When Robin Pianosi started a master of arts degree in environmental policy (MAEP) at Grenfell Campus in 2019, she thought she would finish the program and then return to her career in Ottawa as a policy analyst with the federal government.
COVID-19 had other plans for her.
“The pandemic really altered my course . . . when I came to the MAEP program, my intention was to go back to the federal government as quickly as possible and continue with the career I had started,” said the new fall graduate, who officially completes her degree on Oct. 22 during Memorial University’s in absentia convocation.
“COVID-19 has derailed me a bit. For now, I’m volunteering with a policy transparency non-governmental organization and working part time as a researcher with the Environmental Policy Institute while I try and figure out my next move.”
Originally from Odessa, Ont., Ms. Pianosi says she hadn’t originally planned to come to Newfoundland and Labrador, until she met a student who had attended Grenfell and who spoke highly of it.
“I had never considered going to Newfoundland and was planning on getting a master’s in Ottawa a few years down the line. But the affordability of Grenfell plus its small class sizes made it really appealing.”
Ms. Pianosi holds a bachelor of social science (hons.) degree specializing in international conflict and human rights from the University of Ottawa. During and after her undergraduate degree, she worked at Global Affairs Canada on two teams in similar capacities: first in the Office of the Chief Economist and then in the International Assistance Policy Coordination Bureau.
“In both of these roles, I supported senior analysts in the creation, implementation and communication of policy documents,” she said. “The most notable projects with which I was involved include Canada’s CETA tracking and analysis framework in 2017, Canada’s first Voluntary National Review, presented at the United Nations in July 2018, and, in 2019, Canada’s international engagement strategy for Agenda 2030.”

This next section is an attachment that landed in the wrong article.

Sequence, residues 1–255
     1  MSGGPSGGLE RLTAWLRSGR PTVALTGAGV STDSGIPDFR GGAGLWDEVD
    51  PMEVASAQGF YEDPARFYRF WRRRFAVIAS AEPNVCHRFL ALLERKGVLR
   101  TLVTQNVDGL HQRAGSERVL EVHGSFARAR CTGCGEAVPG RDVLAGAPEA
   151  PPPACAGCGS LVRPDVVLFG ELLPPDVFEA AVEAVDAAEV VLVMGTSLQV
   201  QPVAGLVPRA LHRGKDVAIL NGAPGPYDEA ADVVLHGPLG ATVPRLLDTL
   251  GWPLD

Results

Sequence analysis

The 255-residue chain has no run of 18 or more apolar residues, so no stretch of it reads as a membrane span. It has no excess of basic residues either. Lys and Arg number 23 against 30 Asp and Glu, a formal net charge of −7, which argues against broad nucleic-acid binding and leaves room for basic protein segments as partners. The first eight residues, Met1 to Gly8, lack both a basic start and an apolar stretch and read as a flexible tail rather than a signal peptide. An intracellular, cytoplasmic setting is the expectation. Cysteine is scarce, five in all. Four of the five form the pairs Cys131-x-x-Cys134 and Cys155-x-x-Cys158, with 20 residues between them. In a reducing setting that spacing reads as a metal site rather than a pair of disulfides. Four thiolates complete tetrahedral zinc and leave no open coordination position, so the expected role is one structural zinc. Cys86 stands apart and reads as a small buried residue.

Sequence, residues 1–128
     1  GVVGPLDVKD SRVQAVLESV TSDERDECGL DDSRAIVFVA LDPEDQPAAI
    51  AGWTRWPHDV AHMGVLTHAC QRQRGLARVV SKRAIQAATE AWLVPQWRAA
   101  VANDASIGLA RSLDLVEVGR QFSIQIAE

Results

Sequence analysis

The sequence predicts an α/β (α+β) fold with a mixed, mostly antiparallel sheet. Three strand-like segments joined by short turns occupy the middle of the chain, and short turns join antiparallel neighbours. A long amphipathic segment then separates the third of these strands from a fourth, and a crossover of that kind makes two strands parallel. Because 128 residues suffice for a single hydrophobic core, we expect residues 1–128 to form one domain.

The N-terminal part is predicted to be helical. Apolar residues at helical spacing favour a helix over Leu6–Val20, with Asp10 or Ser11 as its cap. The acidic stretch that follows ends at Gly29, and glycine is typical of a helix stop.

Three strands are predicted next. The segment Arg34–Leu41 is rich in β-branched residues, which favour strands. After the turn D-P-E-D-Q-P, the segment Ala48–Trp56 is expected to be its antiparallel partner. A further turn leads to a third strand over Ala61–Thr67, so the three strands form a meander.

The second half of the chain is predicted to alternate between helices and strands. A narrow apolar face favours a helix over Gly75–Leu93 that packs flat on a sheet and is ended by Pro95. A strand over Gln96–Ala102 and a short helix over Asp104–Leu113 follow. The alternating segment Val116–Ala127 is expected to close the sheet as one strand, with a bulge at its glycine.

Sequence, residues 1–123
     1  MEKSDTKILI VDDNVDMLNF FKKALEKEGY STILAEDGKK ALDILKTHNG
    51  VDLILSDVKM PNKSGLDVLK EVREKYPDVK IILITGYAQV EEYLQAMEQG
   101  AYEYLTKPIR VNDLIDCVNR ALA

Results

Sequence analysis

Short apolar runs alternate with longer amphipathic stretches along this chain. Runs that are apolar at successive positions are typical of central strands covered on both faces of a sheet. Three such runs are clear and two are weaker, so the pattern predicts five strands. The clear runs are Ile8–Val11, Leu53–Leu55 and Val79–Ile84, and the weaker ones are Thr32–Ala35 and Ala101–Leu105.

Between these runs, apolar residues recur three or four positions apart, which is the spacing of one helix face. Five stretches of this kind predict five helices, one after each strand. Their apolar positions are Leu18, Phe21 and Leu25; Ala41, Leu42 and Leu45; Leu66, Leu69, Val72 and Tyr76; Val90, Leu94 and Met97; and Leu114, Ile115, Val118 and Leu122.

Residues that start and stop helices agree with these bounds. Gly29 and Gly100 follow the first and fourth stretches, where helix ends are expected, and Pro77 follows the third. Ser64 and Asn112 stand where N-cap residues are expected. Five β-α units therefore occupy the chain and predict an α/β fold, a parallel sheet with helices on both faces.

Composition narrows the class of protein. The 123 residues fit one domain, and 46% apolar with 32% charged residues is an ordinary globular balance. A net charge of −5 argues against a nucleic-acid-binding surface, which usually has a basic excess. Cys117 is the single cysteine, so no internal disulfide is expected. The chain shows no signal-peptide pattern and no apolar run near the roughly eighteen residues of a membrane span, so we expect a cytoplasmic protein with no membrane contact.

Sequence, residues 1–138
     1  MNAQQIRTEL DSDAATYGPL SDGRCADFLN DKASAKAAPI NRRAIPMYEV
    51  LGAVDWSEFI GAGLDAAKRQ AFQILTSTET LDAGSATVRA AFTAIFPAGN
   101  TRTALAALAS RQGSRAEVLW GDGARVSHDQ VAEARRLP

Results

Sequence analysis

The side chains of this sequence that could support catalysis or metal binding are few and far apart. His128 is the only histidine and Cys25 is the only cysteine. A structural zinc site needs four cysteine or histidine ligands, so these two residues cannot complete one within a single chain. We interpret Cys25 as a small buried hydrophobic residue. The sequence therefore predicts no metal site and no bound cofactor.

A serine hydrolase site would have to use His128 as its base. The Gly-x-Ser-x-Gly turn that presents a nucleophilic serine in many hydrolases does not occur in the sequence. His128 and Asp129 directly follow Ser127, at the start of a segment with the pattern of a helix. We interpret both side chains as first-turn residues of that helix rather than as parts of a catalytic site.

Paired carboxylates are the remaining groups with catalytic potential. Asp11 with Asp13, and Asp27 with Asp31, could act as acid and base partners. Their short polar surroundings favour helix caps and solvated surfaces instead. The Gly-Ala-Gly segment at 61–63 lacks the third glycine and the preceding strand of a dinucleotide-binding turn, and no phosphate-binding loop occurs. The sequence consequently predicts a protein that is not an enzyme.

‘Beyond the usual scope’
This experience made her a perfect fit for the MAEP program.
“The opportunity to engage in a variety of research projects relating to marine and rural issues greatly increased my familiarity with Canadian environmental issues on a minute level,” said Ms. Pianosi. “During this degree, I worked as a research assistant for three professors on an array of projects, ranging from fisheries sustainability to rural aging-in-place policies, and I served as the president of the Grenfell Graduate Student Society.”
Her work as a research assistant focused on three main projects: Rural Aging-in-place Policy Solutions; International Engagement with Policy Regulations Relating to Emissions from the Fisheries Industry; and Rural Communities’ Experiences with Potable Water Dispensing Units in the Context of COVID-19.
“Each of these projects required research and engagement beyond the usual scope of this degree, and I have had the opportunity to build databases, conduct research interviews and engage with municipal officials regarding their policy needs.”